Change the rules, change the format -- but they can't change history.
Jeff Gordon, who has won more Talladega Superspeedway poles than any active driver, put together a lap of more than one mile per hour faster than the next-quickest to earn the Coors Light Pole for Sunday's GEICO 500 NASCAR Sprint Cup Series race (1 p.m. ET on FOX) at the 2.66-mile trioval.
Gordon posted a time of 49.160 seconds (194.793 mph), bettering his time of 49.171 that won him the top spot in the first round of qualifying.
Kasey Kahne, whose No. 5 Chevrolet comes from the same shop No. 524 at Hendrick Motorsports as Gordon's No. 24 car, will sit on the outside of the front row at 193.685.
It was a new qualifying format for Talladega, a mixture between the old two-lap run (necessitated because the time it takes to reach maximum speed) and the "knockout qualifying" implemented last year. Only the fastest 12 advanced from the first round, and there would be two cars on the track simultaneously, as controlled by NASCAR.
Rounding out those 12 "survivors" who reached the second round were, in order of their starting position: Ryan Blaney, Dale Earnhardt Jr., Jimmie Johnson, Tony Stewart, Paul Menard, Matt Kenseth, David Ragan, Clint Bowyer, Casey Mears and Sam Hornish Jr. Among the 12 are a collective 17 Talladega Sprint Cup wins, six of those by Gordon, the track's active leader in victories.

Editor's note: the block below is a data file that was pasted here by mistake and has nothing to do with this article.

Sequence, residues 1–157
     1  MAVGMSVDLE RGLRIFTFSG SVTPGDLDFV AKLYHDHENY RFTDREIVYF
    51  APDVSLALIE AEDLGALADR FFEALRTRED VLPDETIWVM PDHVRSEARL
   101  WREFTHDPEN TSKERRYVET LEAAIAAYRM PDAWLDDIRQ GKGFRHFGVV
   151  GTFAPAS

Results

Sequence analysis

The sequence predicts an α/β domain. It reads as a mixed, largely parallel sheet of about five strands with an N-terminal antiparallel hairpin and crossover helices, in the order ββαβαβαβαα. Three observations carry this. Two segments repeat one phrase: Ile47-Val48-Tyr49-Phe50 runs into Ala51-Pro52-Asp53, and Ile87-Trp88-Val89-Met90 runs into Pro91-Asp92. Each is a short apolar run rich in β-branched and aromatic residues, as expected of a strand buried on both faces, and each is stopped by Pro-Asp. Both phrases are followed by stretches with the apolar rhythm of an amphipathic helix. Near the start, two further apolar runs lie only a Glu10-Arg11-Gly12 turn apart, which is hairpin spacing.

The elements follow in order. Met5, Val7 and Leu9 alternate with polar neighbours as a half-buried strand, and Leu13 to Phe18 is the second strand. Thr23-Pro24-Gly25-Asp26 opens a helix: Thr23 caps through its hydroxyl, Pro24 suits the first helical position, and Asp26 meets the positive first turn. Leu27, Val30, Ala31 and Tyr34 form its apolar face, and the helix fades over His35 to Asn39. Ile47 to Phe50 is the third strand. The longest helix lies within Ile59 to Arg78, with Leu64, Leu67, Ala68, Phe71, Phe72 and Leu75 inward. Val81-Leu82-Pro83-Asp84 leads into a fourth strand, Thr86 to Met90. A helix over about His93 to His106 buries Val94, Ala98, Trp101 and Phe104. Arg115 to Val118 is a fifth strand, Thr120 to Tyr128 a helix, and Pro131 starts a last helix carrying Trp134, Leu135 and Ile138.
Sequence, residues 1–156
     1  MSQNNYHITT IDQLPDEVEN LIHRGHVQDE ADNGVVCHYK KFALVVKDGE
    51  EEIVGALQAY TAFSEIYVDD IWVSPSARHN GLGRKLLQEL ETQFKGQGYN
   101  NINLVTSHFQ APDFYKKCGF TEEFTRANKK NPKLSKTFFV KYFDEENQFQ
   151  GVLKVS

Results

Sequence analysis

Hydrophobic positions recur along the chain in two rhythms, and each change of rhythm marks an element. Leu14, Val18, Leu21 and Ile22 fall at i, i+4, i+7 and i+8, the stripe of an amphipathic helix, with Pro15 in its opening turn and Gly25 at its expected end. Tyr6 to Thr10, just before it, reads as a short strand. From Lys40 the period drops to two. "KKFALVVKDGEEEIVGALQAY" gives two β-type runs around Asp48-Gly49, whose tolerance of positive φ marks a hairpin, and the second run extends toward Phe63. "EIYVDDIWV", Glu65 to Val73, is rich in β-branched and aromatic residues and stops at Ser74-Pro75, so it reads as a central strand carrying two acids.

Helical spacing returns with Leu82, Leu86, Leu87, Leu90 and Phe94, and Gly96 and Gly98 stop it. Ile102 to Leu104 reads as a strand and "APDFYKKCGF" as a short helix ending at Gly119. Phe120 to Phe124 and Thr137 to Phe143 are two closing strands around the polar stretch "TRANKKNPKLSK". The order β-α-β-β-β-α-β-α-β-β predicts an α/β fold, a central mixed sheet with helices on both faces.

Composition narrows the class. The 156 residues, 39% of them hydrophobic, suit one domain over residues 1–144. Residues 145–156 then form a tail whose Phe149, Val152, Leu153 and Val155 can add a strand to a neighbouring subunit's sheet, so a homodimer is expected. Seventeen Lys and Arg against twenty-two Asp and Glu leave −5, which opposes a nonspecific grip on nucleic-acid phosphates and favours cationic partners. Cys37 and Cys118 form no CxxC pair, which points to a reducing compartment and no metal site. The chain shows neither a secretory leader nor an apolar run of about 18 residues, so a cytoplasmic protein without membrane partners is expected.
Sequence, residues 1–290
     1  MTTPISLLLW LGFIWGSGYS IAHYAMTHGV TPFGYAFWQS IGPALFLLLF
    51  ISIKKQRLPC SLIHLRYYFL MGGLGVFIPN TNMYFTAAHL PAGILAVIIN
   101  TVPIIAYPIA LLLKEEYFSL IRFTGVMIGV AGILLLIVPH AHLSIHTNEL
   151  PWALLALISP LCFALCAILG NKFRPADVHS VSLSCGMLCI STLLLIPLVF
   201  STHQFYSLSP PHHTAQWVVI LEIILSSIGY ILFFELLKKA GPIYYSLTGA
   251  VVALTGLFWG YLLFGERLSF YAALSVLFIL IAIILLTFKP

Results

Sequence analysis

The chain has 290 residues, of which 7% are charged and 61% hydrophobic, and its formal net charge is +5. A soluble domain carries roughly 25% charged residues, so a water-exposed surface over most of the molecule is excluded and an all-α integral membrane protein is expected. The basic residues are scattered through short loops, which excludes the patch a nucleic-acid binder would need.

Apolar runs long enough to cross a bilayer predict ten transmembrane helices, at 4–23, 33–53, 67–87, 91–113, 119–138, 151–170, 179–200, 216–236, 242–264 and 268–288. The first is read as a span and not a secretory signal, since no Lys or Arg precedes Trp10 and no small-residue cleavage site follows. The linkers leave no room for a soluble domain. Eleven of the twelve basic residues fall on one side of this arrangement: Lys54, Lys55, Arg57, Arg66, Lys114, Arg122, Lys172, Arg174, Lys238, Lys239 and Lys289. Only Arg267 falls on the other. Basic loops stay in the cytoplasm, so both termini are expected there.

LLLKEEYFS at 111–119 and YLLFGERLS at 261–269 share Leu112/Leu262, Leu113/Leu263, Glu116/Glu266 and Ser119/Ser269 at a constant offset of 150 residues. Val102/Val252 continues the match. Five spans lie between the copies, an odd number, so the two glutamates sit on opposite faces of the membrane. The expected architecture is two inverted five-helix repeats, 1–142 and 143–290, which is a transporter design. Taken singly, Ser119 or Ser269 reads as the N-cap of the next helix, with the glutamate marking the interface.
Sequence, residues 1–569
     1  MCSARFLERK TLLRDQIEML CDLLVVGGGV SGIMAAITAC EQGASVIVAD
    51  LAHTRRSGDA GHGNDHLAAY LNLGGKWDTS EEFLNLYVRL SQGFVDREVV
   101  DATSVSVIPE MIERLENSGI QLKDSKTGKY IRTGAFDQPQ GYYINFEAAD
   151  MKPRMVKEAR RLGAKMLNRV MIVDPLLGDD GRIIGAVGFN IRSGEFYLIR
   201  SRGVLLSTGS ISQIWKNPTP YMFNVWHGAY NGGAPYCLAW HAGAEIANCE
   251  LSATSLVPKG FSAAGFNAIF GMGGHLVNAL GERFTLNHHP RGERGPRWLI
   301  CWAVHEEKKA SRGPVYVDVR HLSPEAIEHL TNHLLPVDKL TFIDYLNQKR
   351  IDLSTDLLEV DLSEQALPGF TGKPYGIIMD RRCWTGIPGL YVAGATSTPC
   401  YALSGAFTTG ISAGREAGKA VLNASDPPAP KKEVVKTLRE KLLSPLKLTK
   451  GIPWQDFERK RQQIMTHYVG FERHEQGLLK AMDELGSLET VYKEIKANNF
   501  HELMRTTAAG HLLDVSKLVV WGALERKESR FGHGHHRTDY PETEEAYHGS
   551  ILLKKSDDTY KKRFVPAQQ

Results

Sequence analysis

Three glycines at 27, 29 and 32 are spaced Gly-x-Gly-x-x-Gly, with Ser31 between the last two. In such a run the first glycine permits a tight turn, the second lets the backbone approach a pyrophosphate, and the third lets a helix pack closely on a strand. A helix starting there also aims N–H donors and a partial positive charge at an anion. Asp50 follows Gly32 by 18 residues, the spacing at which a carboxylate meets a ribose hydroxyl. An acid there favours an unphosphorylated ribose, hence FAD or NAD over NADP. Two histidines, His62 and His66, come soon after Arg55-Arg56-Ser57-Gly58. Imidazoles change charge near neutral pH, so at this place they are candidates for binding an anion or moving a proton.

It was the 80th career pole for the 43-year-old Gordon, third on the all-time list behind Richard Petty (123) and David Pearson (113). It was his third of the season, having previously sat on the pole at Daytona and Las Vegas.
"When you come to the restrictor plate races you definitely give the team all the credit because of the prep work that goes into these cars," Gordon said.
"There's a lot that goes into it from the team. My part is pretty easy. Release the clutch, get it up to speed, hit my shift points and run a tidy line."
Gordon, in his final full-time NASCAR season, needs a reversal of fortune when it comes to his finishes. He has six consecutive top-10 finishes, but his last victory was last Sept. 28 at Dover, a 16-race winless stretch.
"This whole year, all I've wanted to do is enjoy the moments, take it all in," he said. "But I can't help it. I want to perform better than we have. It's a balance between enjoying the moment, having friends and family there to enjoy this final season, but at the same time you want to win the race."
Brad Keselowski, the winner here last fall, will start 15th, defending race leader Denny Hamlin qualified 17th and points leader Kevin Harvick was 24th. Michael McDowell and Jeb Burton failed to qualify for the 43-car field.